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Wednesday, June 22, 2022
Today’s newsletter is by Brian Cheung, an anchor and reporter covering the Fed, economics, and banking for Yahoo Finance. You can follow him on Twitter @bcheungz.
When the Fed made an abrupt pivot to more aggressively raise interest rates last week, it wasn’t just Fed watchers stateside that blinked.
The whole world did as well, triggering an international scramble to defend foreign exchange rates while addressing the larger problem of global inflation.
In the days following the Fed’s 0.75% rate hike, the Bank of England moved to raise interest rates, the Hungarian central bank unexpectedly raised its one-week deposit rate, and the Swiss National Bank raised rates for the first time since 2007.
ECB president Christine Lagarde sits alongside Fed Chair Jerome Powell, and Japan’s former Minister of Finance Taro Aso as they pose for the official photo at the G20 Meeting of Finance Ministers in Buenos Aires, Argentina, July 21, 2018. REUTERS/Marcos Brindicci
In Australia, policymakers are eying the largest move the Reserve Bank of Australia has ever made in a single meeting. And jurisdictions with negative interest rates, where rate hikes were once unthinkable, are now pondering if they, too, need to move.
The European Central Bank said it will move in July to hike rates, and speculation is building that the Bank of Japan — considered to be the most rate-hike-averse major central bank — may soon be forced into a hike as well.
“This process – and the global spillovers it implies from US monetary policy – could drive over-tightening and a global recession,” Evercore ISI analysts warned last week.
Supply chain snags related to the COVID-related shutdowns in China and the war in Ukraine have similarly led to high inflation around the world. But much like the American conversation around rate hikes, the concern is that higher borrowing costs will also handicap growth prospects worldwide.
The problem for foreign central banks? They may not have a choice.
‘Reverse currency war’
At the heart of the race to raise rates: defending the relative strength of domestic currencies, or what FX analysts are calling a “reverse currency war.”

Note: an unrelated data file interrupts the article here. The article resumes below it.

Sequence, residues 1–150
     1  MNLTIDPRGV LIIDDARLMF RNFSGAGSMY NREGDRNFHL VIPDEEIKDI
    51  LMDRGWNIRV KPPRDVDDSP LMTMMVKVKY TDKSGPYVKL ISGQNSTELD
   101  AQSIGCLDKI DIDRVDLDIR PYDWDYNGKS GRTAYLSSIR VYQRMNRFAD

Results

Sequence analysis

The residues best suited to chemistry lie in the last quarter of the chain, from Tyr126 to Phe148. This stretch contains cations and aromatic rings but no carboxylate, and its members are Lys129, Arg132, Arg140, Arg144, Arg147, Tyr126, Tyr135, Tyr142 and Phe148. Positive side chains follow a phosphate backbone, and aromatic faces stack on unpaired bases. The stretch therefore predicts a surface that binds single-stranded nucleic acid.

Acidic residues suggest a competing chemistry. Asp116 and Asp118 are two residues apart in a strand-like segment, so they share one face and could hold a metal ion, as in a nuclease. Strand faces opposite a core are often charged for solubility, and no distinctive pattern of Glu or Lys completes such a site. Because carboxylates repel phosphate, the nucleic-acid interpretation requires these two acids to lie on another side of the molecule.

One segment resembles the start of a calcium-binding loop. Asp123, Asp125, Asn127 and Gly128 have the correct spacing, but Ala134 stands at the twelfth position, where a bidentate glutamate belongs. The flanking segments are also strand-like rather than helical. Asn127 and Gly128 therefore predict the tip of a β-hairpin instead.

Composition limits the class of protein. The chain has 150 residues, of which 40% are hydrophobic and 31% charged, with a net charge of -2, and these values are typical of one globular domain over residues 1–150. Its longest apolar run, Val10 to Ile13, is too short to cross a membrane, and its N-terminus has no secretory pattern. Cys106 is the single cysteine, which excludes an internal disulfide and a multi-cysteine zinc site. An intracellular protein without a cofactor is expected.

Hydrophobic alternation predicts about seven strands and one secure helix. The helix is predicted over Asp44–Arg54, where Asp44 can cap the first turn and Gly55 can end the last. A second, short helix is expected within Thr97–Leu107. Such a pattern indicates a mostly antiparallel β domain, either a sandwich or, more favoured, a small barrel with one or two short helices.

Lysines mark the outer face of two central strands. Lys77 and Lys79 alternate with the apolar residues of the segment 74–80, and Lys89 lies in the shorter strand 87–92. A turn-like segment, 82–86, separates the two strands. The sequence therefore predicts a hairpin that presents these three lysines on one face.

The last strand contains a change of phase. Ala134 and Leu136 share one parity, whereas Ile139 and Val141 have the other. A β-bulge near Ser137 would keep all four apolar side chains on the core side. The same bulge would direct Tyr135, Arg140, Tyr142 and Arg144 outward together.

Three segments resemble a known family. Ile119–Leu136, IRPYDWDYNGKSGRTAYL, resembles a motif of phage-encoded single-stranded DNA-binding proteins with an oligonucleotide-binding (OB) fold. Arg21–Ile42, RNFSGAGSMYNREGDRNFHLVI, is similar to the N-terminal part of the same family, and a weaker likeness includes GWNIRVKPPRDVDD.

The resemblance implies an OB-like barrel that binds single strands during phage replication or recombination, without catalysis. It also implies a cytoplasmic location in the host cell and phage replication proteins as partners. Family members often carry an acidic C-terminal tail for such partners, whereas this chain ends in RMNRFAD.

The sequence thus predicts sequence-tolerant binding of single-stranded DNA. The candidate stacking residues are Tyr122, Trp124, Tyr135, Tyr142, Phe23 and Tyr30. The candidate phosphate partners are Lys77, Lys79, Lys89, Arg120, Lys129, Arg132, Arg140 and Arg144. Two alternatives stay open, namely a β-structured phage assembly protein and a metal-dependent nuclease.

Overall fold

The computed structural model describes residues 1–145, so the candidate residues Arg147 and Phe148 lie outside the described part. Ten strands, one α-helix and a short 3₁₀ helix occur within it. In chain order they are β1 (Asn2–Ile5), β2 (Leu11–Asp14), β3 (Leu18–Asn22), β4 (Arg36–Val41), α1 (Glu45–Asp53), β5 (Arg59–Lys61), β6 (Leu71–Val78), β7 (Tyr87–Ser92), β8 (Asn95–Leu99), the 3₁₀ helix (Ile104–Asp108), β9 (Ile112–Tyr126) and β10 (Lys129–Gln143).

In a typical “currency war,” central banks intervene to depreciate their domestic currencies to boost exports or encourage more direct investment from abroad.
The dynamic today is very different, with high inflation prompting central bank tightening. But a strong U.S. dollar is rocking foreign exchange markets, adding another layer of volatility to policymakers abroad.
Even the Bank of Japan is being tested on what it prioritizes more: FX stability or its dovish rate policy. The Japanese yen has fallen 16% year-to-date to as high as 136 against the U.S. dollar, a 24-year low.
But raising rates may further entrench the decades-long streak of tepid growth that Japan can’t snap.
The BOJ made itself clear after the Fed meeting last week, and did not waver on its commitment to its -0.1% policy rate. ING analysts said the “announcement firmly reiterated the message that tighter monetary policy is not on the cards despite currency weakness.”
Japan, however, remains an outlier.
With inflation remaining a global phenomenon, particularly in Europe, the impulse from central bankers to match the Fed in raising rates is high.
Dimming growth prospects in Europe and Asia had already driven money into U.S. dollar-denominated assets. Now, a more aggressive path of rate hikes in the U.S. is making it even more attractive to park money at U.S. banks in U.S. dollars, instead of at foreign banks in foreign currencies — where deposit rates might be comparably lower.
The Fed is always quick to remind markets that its priority is the U.S. economy, not foreign exchange markets.
But as steward of the world’s reserve currency, what the Fed does will always have ripple effects. And in this case, those ripples are being amplified around the world.
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